Travel-Related Case of Zika Confirmed in NC

Aedes aegypti, mosquito. Photo By Rafaelgilo (Own work) [Public domain], via Wikimedia Commons.
Aedes aegypti, mosquito. Photo By Rafaelgilo (Own work) [Public domain], via Wikimedia Commons.

State Confirms Traveler Came Back with Zika

On February 19, 2016, the NC Department of Health and Human Services (DHHS) announced the first case of Zika virus infection in an NC resident.

The case was confirmed in an adult person who has recently traveled to a country with ongoing Zika virus transmission. The patients’ symptoms have resolved. To protect patient confidentiality no additional details on this patient will be provided.

“As long as the outbreak continues in Central and South America and the Caribbean, we expect to see more travel-related Zika virus infections in our state,” said Randall Williams, MD, State Health Director. “While travel-related cases don’t present a public health threat to NC, we always actively monitor emerging global situations and adjust resources to meet needs.”

At this time, no cases of the disease are known to have been acquired in NC or elsewhere in the continental United States, with the exception of one infection in Texas attributed to sexual transmission. As of February 18, 2016, the Centers for Disease Control and Prevention reported a total of 83 travel-related Zika virus infections in 21 other states, the District of Columbia, Puerto Rico and the US Virgin Islands.

“We have anticipated all along that travel-related cases would be identified in NC,” said Megan Davies, MD, State Epidemiologist. “We want to take this opportunity to reinforce that travelers to any of the countries with active Zika transmission should follow precautions to minimize their exposure to mosquito bites.”

Zika virus is transmitted through the bite of an infectious mosquito, although cases of transmission through sexual contact and blood transfusion have also been reported.  Symptoms can include rash, red eyes, fever and joint pain.  Only about one in five people infected with Zika virus will show symptoms.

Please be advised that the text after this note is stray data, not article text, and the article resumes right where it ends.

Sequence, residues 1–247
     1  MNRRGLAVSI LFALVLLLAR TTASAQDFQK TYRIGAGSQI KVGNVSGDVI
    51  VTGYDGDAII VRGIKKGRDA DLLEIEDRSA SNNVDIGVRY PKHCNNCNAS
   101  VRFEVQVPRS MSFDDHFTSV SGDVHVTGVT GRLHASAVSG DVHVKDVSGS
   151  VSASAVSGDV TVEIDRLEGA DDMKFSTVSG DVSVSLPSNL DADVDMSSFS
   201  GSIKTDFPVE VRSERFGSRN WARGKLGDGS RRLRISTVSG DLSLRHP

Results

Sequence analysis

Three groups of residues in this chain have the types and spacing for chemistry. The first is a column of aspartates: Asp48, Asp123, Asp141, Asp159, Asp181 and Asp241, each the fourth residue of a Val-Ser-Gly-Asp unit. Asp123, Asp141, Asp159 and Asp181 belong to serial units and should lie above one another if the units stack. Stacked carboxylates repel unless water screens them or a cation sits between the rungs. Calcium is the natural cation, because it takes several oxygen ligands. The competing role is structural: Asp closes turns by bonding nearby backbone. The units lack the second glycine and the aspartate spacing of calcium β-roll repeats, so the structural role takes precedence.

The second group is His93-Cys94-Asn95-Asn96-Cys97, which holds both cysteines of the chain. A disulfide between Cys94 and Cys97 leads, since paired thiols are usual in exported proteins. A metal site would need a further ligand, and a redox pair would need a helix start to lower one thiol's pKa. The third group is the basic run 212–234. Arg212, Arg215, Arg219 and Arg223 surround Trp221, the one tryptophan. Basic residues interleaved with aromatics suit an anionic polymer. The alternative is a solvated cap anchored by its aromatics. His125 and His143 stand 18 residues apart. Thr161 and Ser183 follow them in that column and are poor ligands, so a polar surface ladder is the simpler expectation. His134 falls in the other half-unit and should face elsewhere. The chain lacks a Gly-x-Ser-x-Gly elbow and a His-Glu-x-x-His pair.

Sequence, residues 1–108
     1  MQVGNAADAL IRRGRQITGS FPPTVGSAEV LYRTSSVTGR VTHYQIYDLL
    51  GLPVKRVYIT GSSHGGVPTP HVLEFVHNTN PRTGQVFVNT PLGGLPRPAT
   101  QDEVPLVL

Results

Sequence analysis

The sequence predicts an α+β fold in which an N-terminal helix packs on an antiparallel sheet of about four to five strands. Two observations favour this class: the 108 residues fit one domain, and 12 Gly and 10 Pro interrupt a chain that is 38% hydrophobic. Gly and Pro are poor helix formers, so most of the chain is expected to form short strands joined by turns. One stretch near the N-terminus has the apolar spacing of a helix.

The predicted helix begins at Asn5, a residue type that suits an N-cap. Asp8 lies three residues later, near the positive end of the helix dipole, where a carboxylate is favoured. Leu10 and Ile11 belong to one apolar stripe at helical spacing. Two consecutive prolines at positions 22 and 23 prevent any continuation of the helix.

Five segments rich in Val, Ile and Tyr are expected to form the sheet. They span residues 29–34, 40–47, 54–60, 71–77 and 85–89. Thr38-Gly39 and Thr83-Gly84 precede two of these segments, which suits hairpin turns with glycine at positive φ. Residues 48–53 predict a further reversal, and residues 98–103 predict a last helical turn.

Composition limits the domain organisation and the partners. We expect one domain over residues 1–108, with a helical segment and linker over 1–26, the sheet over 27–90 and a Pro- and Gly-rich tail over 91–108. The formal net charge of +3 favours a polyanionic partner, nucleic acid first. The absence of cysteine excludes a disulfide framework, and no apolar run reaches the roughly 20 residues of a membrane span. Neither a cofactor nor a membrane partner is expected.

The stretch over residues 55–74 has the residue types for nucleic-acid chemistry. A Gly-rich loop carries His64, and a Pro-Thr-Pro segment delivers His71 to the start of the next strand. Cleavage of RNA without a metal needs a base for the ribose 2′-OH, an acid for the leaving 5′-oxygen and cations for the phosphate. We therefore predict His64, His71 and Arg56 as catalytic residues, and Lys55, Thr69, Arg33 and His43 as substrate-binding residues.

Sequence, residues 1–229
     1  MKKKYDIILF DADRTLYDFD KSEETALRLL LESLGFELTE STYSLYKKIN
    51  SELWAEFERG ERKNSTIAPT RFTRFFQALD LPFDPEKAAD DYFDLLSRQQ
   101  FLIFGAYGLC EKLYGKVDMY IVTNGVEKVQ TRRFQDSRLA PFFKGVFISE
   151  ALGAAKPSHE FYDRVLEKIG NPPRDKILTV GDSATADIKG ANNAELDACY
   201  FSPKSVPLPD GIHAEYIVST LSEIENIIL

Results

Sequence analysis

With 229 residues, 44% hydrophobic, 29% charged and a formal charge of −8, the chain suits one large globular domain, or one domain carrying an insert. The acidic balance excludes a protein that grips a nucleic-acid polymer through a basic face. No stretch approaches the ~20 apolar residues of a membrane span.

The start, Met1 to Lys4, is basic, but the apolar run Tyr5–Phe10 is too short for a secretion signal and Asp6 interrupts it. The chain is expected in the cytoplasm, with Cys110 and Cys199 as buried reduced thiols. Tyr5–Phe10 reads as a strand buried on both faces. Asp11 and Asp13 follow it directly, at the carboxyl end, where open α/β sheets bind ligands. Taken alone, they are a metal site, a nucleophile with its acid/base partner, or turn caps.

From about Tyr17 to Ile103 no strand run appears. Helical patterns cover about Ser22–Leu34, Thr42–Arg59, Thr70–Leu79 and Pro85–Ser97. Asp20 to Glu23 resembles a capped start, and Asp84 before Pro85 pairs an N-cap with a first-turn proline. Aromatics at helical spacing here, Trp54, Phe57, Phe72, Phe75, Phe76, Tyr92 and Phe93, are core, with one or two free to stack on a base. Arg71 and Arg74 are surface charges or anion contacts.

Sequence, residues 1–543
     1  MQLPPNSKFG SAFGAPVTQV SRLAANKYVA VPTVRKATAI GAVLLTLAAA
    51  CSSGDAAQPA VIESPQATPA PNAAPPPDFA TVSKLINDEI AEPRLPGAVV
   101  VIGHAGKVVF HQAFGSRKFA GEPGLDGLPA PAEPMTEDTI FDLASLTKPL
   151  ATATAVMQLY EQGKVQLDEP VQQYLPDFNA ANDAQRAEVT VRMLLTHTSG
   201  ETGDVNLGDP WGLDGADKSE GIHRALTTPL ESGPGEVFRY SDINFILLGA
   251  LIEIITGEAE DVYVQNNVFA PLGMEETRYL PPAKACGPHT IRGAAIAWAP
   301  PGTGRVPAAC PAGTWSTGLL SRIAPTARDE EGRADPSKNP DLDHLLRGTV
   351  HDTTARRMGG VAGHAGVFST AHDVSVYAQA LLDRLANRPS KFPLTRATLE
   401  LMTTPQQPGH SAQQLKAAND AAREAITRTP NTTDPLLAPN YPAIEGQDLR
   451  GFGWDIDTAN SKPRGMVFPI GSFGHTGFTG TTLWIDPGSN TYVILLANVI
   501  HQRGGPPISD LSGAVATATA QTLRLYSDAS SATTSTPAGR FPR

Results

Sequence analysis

A pregnant woman infected with the virus can pass the virus to her unborn baby.  A serious birth defect of the brain called microcephaly and other adverse pregnancy outcomes have been reported in some infants born to mothers who were infected with Zika virus while pregnant. State health officials are in constant communication with local health departments to work with health providers, including obstetricians and gynecologists, to ensure they have the latest information, as well as access to guidance and testing.

The Centers for Disease Control and Prevention has issued a travel advisory recommending pregnant women consider postponing travel to any area with active Zika virus transmission.  Women who are trying to become pregnant should talk to their doctors about the risk of Zika virus infection before traveling.

While the primary mosquitoes that carry the virus are not believed to be widespread in NC, individuals are always encouraged, as a routine precaution, to take steps to prevent mosquito bites. Travelers can protect themselves by:

  • Wearing insect repellent registered with the US Environmental Protection Agency.
  • Wearing long-sleeved shirts and pants.
  • Using air conditioning or make sure window and door screens are in place.

For more information about Zika virus for patients and health care providers, visit the NC DHHS or the Centers for Disease Control and Prevention.

Ed. Note: No county or airport information has been provided for this traveler.

GAL 2019
GAL 2019
About Kay Whatley 2104 Articles
Kay Whatley serves as Editor and Reporter with The Grey Area News. Kay is a published author with over 20 years of experience in the publishing industry. Kay Whatley is wife to Frank Whatley, founder of The Grey Area™ newspaper and The Grey Area News online news website.